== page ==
Center of circle and control

Generally in martial art, we like to be the center of a circle, and make our opponent move in a circle outside of us. That’s a very crucial advantage, as tiny movement on our part ( θ in the diagram below) requires a much bigger movement from our opponent ( L in diagram below) in response. For example if someone grabs your wrist with one hand, twist it, and apply pressure on the back of your elbow with other hand, turning your arm into the radius r of the circle. If you want to maintain the same relative position, you on the outside of the circle needs to move a far greater distance. When you do θ fast, it’s not always possible to do L. That’s the principle behind throwing skills right?


Conversely, if the opponent try to do L, we just need to do θ. So how can Bagua work then, if we extend L and try to circle all the way behind the opponent, he can defeat that using a much smaller (semi-)circle on the inside:


What makes it works then is the key skill emphasized in internal martial art – control. If you cannot achieve control, to off-balance or at the very least distract the opponent, prevent him from reacting to what you do next, you will not be able to circle around him.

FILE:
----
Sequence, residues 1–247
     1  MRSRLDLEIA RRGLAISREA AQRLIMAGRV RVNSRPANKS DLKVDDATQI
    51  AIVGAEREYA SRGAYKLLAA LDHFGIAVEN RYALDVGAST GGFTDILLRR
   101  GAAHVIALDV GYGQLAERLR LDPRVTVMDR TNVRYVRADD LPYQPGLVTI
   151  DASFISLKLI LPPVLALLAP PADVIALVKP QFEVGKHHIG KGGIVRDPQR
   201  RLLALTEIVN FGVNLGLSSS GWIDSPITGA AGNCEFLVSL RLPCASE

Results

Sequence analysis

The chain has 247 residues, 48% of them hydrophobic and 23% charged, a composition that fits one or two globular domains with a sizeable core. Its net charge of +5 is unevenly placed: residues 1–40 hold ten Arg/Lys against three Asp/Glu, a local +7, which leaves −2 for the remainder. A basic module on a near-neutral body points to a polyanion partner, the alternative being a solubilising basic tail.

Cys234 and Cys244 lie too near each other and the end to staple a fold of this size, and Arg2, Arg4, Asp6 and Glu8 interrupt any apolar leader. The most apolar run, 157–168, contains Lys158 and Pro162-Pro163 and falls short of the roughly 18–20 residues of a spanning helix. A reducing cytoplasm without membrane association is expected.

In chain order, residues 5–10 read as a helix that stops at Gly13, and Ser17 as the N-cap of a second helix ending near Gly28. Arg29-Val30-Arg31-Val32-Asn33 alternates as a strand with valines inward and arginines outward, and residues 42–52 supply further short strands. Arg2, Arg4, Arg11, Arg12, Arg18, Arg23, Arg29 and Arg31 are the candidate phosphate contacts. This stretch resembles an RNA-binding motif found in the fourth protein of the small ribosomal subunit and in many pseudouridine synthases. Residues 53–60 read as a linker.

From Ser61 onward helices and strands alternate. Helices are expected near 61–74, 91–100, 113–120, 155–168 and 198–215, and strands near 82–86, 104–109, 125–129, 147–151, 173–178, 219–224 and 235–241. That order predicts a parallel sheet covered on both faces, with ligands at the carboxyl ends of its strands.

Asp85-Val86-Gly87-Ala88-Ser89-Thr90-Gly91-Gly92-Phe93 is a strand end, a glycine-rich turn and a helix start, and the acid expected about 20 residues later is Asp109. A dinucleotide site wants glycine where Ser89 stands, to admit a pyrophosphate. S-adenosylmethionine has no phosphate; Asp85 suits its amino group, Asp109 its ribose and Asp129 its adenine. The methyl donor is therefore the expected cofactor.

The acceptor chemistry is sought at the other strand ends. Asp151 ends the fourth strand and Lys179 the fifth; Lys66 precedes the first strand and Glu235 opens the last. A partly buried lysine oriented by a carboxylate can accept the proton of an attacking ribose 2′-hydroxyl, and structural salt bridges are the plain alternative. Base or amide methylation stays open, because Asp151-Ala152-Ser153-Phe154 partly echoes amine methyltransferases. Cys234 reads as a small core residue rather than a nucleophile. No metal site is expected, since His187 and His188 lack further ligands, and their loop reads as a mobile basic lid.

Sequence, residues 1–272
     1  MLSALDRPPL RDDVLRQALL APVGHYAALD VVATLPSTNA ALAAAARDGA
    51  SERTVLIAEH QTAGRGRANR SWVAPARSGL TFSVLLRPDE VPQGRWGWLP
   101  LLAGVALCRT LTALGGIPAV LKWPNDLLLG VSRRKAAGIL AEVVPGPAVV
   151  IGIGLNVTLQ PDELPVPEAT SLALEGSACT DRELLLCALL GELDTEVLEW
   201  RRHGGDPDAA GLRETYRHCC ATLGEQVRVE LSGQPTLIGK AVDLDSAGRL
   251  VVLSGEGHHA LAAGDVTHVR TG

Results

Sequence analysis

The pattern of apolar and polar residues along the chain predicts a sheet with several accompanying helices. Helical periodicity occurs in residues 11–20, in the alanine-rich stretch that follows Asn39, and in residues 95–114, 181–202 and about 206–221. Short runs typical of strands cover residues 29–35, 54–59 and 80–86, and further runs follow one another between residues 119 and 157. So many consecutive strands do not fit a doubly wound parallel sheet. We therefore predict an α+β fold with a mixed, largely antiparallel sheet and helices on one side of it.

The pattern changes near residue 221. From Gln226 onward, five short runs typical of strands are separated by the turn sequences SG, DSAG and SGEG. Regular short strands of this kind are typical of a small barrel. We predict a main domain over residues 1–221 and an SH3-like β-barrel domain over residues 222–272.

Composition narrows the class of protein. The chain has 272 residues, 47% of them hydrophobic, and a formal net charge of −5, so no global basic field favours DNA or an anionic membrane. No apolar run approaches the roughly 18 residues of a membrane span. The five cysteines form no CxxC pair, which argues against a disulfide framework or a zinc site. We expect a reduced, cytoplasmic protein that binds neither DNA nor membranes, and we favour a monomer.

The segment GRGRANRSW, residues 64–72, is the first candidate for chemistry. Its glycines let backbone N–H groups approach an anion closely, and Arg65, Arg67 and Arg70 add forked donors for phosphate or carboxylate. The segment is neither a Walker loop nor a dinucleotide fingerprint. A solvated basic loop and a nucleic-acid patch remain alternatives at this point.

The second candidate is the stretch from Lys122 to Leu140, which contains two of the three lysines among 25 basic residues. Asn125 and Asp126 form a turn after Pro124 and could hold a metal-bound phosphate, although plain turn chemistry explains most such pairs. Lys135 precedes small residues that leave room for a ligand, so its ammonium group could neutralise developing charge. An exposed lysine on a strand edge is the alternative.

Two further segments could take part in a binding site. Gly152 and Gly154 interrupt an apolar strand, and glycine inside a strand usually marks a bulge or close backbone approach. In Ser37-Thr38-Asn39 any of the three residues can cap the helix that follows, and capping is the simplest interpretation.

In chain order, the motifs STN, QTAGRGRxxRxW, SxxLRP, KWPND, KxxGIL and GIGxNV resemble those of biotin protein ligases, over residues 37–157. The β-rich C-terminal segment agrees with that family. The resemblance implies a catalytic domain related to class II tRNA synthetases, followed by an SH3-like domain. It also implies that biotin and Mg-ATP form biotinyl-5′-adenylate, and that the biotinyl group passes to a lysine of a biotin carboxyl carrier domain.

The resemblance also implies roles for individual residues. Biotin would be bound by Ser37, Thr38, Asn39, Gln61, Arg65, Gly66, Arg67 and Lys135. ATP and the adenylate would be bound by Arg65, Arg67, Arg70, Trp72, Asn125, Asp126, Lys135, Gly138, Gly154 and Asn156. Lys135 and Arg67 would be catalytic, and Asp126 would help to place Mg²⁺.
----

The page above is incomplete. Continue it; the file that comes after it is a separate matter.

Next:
So how do we achieve control? We use various type of jin (trained force: ex. top spinning force in pool is a type of jin) that are great for controlling opponents (vs striking). And if we classify them, we can see a lot of them are circular type of forces. The definition of a circle is a line where every point on the line is equal distance from a central point. What does that mean? It means evenness, smoothness. If I do something to you using a circular force, it’s harder for you to detect and respond. Of course here circular here means oval, ellipse, etc, it doesn’t have to be a perfect circle. It’s a more complex force than linear forces, which, anyone who played the balance game (two people stand facing each other, put palms together, and try to push each other off balance) can tell are very ‘pure’ and easy to detect and counter. If you break apart the circles you practice in the palm changes, you can tell they are individual skills for using a circular force to deal with strikes from various angles and achieving control in the process.

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July 2009
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